6.14  However, what is the requisite standard of care when there are no rules or following the rules will lead to a negative safety outcome? In these cases, the standard or care will differ depending on the situation.

6.15  It is well established that experts, professionals and people with special skills are expected to exercise a higher standard of care than lay people (Harpwood, above, p 23). That standard should be of the same high standard as others at a similar level or experience within the same field. Put in the language of the reasonable person, an expert is required to exercise the same standard of care as a reasonably competent person trained in the particular trade or profession. However, they ‘need not possess the highest expert skill, just the ordinary skill of an ordinary competent man exercising a particular art’ (Bolam v Friern Hospital Management Committee (1957) 2 All E.R. 142 at 144 in C Shawcross and K Beaumont, Air Law (Butterworths, 4th ed, 1977), p 78).

6.16  This has obvious implications for the standard of care owed by the ATCO. As this is the main issue the paper will address this element separately at [7].


Breach of the standard of care

6.17  Once the requisite standard of care is established, it is for the judge or court to decide if this standard has been met. If it has, there may be no cause in negligence.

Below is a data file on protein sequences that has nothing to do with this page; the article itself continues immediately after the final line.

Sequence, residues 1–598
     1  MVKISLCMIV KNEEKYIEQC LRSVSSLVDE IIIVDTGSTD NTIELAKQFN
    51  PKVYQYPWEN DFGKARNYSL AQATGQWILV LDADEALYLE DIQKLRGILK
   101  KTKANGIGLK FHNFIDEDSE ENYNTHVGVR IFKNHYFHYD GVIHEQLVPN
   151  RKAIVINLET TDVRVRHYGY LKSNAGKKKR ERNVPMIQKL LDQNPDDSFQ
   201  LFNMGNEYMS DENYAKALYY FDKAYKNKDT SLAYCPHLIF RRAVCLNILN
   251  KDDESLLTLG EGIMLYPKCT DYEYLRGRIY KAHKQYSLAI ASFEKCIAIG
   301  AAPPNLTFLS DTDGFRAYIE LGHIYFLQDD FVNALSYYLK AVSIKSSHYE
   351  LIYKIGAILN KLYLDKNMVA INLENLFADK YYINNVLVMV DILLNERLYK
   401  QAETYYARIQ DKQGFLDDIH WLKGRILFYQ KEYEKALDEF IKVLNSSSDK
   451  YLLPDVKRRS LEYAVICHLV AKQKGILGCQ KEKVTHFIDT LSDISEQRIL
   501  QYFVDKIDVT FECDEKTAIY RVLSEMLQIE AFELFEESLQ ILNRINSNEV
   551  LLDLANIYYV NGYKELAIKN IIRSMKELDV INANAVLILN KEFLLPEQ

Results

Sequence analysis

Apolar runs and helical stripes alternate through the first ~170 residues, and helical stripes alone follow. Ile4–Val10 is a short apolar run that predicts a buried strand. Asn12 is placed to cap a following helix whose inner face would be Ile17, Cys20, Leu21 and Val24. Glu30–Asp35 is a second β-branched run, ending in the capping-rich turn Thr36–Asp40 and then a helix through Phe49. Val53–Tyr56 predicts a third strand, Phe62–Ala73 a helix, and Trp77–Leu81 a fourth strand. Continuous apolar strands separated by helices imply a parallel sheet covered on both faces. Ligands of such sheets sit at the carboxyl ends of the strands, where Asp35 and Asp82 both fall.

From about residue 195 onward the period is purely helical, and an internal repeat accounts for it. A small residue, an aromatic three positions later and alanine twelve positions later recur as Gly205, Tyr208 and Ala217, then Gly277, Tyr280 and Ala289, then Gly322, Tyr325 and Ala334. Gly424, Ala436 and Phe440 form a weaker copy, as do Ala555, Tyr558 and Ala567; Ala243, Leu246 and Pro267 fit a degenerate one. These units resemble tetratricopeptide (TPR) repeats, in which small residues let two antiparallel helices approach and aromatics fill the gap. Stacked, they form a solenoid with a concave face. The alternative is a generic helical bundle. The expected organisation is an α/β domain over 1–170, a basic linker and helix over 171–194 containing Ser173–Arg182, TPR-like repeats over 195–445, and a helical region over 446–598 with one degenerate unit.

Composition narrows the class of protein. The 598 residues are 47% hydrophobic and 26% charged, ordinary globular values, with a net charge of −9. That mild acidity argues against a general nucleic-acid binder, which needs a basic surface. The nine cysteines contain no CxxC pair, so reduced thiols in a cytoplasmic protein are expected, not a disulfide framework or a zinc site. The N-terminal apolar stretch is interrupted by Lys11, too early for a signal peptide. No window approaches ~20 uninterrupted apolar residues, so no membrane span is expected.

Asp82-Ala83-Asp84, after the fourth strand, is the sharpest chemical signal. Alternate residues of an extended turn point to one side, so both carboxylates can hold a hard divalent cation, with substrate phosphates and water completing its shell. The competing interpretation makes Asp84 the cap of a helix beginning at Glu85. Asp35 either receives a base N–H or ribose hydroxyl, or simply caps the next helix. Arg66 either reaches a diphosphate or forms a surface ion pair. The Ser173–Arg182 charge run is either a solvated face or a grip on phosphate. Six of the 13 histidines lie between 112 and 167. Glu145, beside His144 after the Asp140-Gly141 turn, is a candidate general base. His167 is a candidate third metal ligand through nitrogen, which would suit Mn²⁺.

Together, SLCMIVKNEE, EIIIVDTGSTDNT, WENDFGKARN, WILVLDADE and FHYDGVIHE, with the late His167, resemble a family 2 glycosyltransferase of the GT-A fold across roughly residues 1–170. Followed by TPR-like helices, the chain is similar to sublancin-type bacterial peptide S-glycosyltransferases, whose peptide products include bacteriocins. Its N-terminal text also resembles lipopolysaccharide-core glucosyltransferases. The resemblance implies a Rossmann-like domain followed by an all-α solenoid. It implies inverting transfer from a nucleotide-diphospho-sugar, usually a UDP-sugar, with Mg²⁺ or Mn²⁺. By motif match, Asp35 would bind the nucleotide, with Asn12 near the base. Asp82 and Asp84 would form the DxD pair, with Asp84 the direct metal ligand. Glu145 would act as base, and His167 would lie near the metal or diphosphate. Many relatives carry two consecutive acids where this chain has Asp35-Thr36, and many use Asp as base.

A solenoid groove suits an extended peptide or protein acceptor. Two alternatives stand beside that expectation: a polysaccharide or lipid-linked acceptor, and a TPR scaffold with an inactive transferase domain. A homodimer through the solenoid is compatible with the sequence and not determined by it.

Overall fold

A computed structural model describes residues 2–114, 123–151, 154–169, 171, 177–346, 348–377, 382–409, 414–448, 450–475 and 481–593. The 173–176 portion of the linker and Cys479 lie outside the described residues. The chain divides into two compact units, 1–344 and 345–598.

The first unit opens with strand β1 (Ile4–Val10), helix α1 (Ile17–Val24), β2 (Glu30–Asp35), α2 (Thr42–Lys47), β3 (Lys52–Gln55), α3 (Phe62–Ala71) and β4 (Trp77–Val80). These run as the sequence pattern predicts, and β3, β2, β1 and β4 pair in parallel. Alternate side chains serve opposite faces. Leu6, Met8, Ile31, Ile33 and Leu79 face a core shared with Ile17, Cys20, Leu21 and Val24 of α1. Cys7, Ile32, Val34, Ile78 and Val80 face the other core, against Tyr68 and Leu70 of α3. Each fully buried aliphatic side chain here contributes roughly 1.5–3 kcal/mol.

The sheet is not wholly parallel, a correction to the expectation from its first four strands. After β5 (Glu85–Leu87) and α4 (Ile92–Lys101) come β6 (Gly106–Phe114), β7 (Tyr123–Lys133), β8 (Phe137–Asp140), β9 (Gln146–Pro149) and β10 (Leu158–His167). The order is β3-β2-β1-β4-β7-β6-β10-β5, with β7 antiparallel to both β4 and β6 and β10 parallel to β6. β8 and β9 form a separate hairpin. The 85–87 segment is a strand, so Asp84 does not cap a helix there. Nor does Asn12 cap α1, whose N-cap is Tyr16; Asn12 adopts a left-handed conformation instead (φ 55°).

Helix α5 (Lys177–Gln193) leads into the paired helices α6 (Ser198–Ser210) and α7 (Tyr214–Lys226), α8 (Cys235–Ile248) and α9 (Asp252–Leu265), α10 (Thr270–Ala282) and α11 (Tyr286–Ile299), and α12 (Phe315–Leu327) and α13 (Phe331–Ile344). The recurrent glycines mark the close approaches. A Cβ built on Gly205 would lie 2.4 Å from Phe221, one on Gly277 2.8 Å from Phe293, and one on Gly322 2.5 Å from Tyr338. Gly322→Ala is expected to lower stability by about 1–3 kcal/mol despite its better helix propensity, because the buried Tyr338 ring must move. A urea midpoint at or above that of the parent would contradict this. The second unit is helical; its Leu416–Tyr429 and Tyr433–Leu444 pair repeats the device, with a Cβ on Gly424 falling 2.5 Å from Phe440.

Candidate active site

Damages

6.18  Obvious damages that can result from a breach of a duty of care include a monetary loss or physical damage. There are other more controversial forms of damage that courts have debated including psychological or nervous shock (Davies, above, p 190; Harpwood, above, p 37). These issues are beyond the scope of this paper but still must be established in order for a party to bring a successful claim in negligence.

ATCOs and the Standard of Care

7.1  So far this WP has examined the tort of negligence and how it relates to the duty of care. We have established that in both civil and common law jurisdictions, the ATCO owes a duty of care to those that rely on them performing their duties to a requisite standard. Because an ATCO is an expert in their field, they must perform those duties to the same standard of care as a reasonably competent ATCO.